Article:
Today’s Catch – Put a Salmon in your Tank

A deadly fish virus has forced a Bainbridge Island, Washington (USA) salmon farm to destroy its entire stock and has put state wildlife experts on alert for additional outbreaks.
The Kitsap Sun reported last month that more than a million pounds worth of Atlantic salmon had been cleared from infected net pens in Rich Passage to the south of the island.
The Infectious Hematopoietic Necrosis virus, or IHN virus, can be carried by other fish, including herring, which sometimes pass through the farm’s net pens. The same virus recently appeared in two British Columbia fish farms, requiring the destruction and disposal of 560,000 fish. The virus had never been recorded in Washington waters until it was found at the Bainbridge Island farm last month.
The Bainbridge farm is owned by American Gold Seafoods, affiliated with Icicle Seafoods of Seattle. The company is also concerned about another batch of net pens about a half-mile away. The nets from two acres worth of pens will be removed and disinfected, and in four months the farm will be back in operation.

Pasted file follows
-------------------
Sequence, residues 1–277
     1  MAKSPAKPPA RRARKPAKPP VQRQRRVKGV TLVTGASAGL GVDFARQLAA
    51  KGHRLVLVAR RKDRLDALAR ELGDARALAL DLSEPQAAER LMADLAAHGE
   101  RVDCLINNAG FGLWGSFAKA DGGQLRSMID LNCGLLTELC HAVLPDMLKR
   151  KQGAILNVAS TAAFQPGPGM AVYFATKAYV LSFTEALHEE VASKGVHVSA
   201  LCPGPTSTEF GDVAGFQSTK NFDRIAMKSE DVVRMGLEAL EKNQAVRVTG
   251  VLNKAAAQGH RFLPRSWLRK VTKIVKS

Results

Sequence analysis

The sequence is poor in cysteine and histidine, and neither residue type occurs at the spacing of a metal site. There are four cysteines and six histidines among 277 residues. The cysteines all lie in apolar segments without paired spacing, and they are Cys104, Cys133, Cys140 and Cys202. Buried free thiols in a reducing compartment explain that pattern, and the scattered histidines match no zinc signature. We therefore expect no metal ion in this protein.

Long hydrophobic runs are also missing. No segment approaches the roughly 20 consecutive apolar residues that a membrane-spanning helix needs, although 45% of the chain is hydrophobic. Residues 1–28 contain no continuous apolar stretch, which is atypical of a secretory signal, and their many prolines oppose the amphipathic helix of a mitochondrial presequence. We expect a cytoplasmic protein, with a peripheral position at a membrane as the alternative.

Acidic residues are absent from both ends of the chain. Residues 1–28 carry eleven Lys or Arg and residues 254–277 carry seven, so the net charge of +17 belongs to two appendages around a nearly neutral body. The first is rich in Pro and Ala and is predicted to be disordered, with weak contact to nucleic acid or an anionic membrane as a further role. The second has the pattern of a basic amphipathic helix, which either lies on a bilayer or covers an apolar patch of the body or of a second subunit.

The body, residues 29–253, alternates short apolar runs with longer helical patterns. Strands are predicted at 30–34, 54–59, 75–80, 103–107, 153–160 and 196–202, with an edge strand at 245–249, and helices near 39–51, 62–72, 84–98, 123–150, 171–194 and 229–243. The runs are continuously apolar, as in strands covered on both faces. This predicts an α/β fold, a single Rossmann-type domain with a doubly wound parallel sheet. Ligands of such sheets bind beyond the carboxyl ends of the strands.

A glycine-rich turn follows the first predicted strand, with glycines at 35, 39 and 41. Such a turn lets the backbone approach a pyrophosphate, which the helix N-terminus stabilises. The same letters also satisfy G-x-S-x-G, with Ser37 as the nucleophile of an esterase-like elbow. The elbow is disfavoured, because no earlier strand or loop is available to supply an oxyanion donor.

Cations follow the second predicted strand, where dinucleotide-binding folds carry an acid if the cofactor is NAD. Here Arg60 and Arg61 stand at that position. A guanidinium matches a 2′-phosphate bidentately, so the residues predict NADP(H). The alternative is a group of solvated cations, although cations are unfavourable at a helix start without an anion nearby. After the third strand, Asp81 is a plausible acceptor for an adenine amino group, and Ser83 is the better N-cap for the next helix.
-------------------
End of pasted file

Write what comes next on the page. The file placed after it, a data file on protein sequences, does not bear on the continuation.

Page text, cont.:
The dead and dying fish will be composted, although the living fish will still be processed and sold for food, in spite of most not having grown to the preferred market size.
South of the border, Chile knows a thing or two about salmon farm diseases. In 2010 the country’s salmon aquaculture industry saw production cut in half by outbreaks of the Infectious Salmon Anemia virus (I.S.A.) that spread through the fish farms in the southern part of the country. The Chilean farmed salmon industry suffered more than $2 billion in losses, saw its production of Atlantic salmon fall by half and the farms are still battling the disease.
But a novel new technology is revealing a silver lining to the cloud of massive farmed fish die-offs:
Equipment manufacturers Global Fluid S.A. and Landia have developed a line of pumps, seals and choppers to process the infected fish into fish silage, preventing further contamination, but also producing valuable, protein-rich fats and oils for use in biogas plants and paint manufacturing. The salmon are macerated in custom-engineered silage processing units, which comprise a stainless steel tank, chopper pump, control panel, recirculation pipe and valves.
When they enter the Silage Processing Unit, dead salmon weighing as much as 18 lbs. are successfully macerated into slurry by an aggressive chopper pump. Propeller mixers are used to agitate the silage during storage, which can be held in tanks for several months or even up to a few years when correctly produced and handled.
Biogas can be compressed, much like natural gas, and used to power motor vehicles, and as a renewable fuel, Biogas qualifies for renewable energy subsidies in some parts of the world. While not the ideal solution to the world’s energy problems, at least the diseased Chilean fish aren’t making it to the dinner table.